3.) You’re nutrition and recovery just aren’t matching your training or goals
I saved this one for last because it has applied to me big time recently. I’ll put it out there bluntly and say while yes I want to be strong as hell, which I think is my asset, I also want to look like a fucking predator. I want it to be obvious that I work my ass off in the gym. I certainly have the training aspect taken care of, but it wasn’t until a discussion came up with a friend about my eating, that it became obvious I wasn’t eating for the way I wanted to look. I may have been eating healthy, but it didn’t match up to my goals. There is no true right or wrong method of eating. It’s more complicated than that, and I will save those posts for Mr. Andrew Ferreira. In the mean time follow these simple rules.
– When trying to shed only a couple of pounds of fat off an already in-shape (10%ish body-fat) physique, limit majority of carbs to post training. On days you don’t train, stick to meat and veggies. Read here for a more in depth look at what we mean.
– Get 6-8 hours of deep sleep. If it takes you awhile to fall asleep, plan for that, and get to bed earlier. Deep sleep is the most overlooked part of body-composition transformation.
– When trying to put on lean mass, read this post about re-structuring your breakfast, and load up on good food after training and at night. Stick to the highly digestible carbs with your meal like sweet potatoes, jasmine or white rice, quinoa, or regular potatoes. Introduce muscle building smoothies after training and before bed as well.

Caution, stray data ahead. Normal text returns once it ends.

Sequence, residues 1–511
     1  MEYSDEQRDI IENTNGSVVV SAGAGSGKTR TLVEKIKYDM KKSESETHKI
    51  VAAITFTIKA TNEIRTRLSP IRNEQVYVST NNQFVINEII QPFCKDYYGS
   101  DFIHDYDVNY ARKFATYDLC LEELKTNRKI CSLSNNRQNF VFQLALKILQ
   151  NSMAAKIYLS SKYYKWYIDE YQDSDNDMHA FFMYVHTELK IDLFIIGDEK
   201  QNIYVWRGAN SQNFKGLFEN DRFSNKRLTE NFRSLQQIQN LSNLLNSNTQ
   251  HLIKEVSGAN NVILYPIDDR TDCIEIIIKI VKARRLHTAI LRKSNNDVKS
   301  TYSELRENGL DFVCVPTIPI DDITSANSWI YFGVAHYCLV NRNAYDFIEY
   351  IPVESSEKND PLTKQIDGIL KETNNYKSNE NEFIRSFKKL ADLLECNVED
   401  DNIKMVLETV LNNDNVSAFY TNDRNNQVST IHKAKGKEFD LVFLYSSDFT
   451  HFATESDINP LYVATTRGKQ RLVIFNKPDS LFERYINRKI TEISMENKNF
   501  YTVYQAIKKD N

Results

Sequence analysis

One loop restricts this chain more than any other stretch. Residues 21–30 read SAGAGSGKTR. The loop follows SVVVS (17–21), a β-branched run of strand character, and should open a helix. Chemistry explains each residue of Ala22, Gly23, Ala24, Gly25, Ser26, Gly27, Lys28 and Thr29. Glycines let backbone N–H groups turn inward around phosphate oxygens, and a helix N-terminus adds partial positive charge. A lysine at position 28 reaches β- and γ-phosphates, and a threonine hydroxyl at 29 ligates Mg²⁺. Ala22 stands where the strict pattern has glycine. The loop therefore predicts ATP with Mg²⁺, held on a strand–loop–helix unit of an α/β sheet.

Closing up here, it’s clear there are a ton of you, including us, who really enjoy seeing incredible results from our labor in the gym. The last thing we want is to feel lost or confused as to why we aren’t making progress. These tips aren’t the be all end all, but they are a start, and hopefully you can take one or two of my suggestions and implement them right away.
Also, Andrew & I have been working hard with our online coaching program, and have spots opening up soon. Contact us on the page below if you are interesting in learning more about how we can help change your life for the better.